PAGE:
Ophelia by John Everett Millais (1851–52)
Oil on canvas
I can’t remember what home looks like anymore. When I think of my pod, their faces are blurred. My memories are vacant or wandering away. I’m not quite sure anymore. I wonder if you have plucked them from my head. I wonder if you keep all precious memories in jars or if you just keep mine.
All I see are gaunt faces, pressing up at the glass, looking inside. You all gaze with such wonder when you behold me. Your eyes glimmer beneath the lamp light. Your jaws hang agape and blunt teeth catch the light. I wonder, if I am so beautiful, why will you not set me free?
Before the glass and the filter on the edge of the tank, I recall watching the world from behind a rock - waiting for the breakfast minnows to gather. My fingernails were toothpicks and I’d snatch them up as morning bites. I’d go for the bigger fishes later. The Rudds. The Rudds with large plump bellies and eyeballs like jellies. Though I’ve learned your sort of fishing is different to mine. Instead of fingernails, you use nets, lines, and hooks. There is still a hook left inside one of my fins, lodged firmly and unwilling to sever from my skin. Your metal is a part of me.
This tank, this tomb, is small. There is no room to swim. I lay on the tiles and try to pretend it is the soft mud and stone of the riverbed. I imagine shy weeds brushing my arms as currents rush by. I miss the river currents and the taste of fresh Rudd lining my teeth. I miss using their bones to pluck rogue scales from between my pointed teeth. I miss fishing myself, because now I simply catch the dead ones you throw to me. There is very little challenge in that. They descend, blood gushing from their mouths, limp and broken. When they land between my fingers, I watch them, counting the remaining bones inside. One bone. Two bone. Three bone. I’m scared if I accept the fish you feed me, you will think I am yours forever, but my face is becoming gaunt. I see it in the reflection. I look like one of you.
I’ve noticed, in these meetings of ours, one of the differences between you and I is our teeth. Yours are blunt and white, fit only for nibbling on weeds and shrubs, whereas mine are blades. Our skin holds no resemblance either. Mine is armour. Scales piled one on top the other.
Thick and sturdy. Yours would only take a slight cut in the right place to drain you of your blood. Stop that heart beating. Beating. Beating. But then I’d die here. I’d never see the river again. I’d rot in this tank, like the fishes you feed me. Someone else would count my bones. One bone. Two bone. Three bone.
Each morning, you take me to the table. The world beyond the water is a vacuum. My gills contract. I reach for them. Claw at them. Hold them. My insides pulse and I wonder if the pain will ever end. You look down at me, smiling with those teeth of yours – the blunt ones. I’ve realised the more you bring me from the water, the easier it is to breathe. You’ve realised this too. That is why your smile grows – teeth jumbled in your gums. You are animal, just like me. I wonder if I am turning human. I wonder if that is what you always wanted – for me to sprout legs and walk and breathe amongst you all. You stroke my head with your fingertips. They are dry and coarse with labyrinth lines weaving patterns. Your words are whispers, caressing my cheeks in breaths in and out. You tell me I am your greatest discovery, and I decide that you’ve not seen much of the world and all the beauty it harbours. You are a spec and our rivers and oceans are infinite. They will eat you alive.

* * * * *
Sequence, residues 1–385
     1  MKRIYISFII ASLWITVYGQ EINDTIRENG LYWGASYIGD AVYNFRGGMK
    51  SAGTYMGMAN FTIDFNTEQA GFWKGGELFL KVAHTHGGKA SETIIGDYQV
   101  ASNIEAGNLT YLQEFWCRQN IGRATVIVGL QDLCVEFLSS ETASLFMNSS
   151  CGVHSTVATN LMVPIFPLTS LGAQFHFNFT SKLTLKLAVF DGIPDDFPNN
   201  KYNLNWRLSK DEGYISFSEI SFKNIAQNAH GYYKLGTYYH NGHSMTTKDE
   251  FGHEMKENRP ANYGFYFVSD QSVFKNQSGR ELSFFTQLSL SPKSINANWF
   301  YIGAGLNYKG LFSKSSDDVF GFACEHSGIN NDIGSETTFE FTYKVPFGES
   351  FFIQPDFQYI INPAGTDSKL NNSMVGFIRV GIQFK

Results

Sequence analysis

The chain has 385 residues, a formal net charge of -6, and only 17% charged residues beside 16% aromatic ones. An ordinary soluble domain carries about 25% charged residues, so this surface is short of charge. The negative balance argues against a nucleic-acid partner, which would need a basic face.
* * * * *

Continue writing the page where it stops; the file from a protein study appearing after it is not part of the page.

The strap you use to hold me down - you call it leather. Sweet leather with the musky smell. I slide my tongue across it when I am hungry. It smells like meat but tastes rotten. I need Rudd. Or Human. Something with bones that crack and splinter. Something that struggles.
The first time you took me to the table, I fought back, flailing and slithering, but the leather held me down. I don’t know how long it’s been, but I’ve stopped fighting. I am still, like a dead thing, trying to breathe in your human air.
You told me I was ready for what you’d planned next – we’re going to change the world – that is what you keep saying. You put something inside of me and told me it might grow. You said I would be a mother, only I don’t know what mother means. I wonder if this is how you treat the women your kind. I wonder if you hunt them the way you hunt us. I wonder if you do with them what you like. Are they just bodies like we are?
When I return to the water, I think I will take you with me. I will bury you in the riverbed’s fauna and wait for you to ferment in nature’s embrace. I wonder if you will taste like splendour or like carcass. I hope, after all we’ve been through together, your aftertaste will complement the first bite of Rudd I take.
In my arms, I will make sure you die. Nature will endure without us and all of your clever ideas will die. The world will turn. Our bones will be counted. One bone. Two bone. Three bone. And one day, all traces of us will return to the water.
Not long now. This tank can’t keep me forever. It’s such a pity we’ve made such monsters of ourselves. We will make it to the river. Hooking a line through your big toe, I will carry you around with me. Drifting behind, you will meet my friends and I will whisper that you are my greatest discovery – as though this great bond we share is beautiful.
Words by Lucy Rose
Image: Tate Britain, London
Lucy Rose is a writer/Director of Gothic Horror Cinema & Literary Fiction
For more information:
Link here to Lucy's awarding winning short film, :
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Love Cheryl and Lyndsey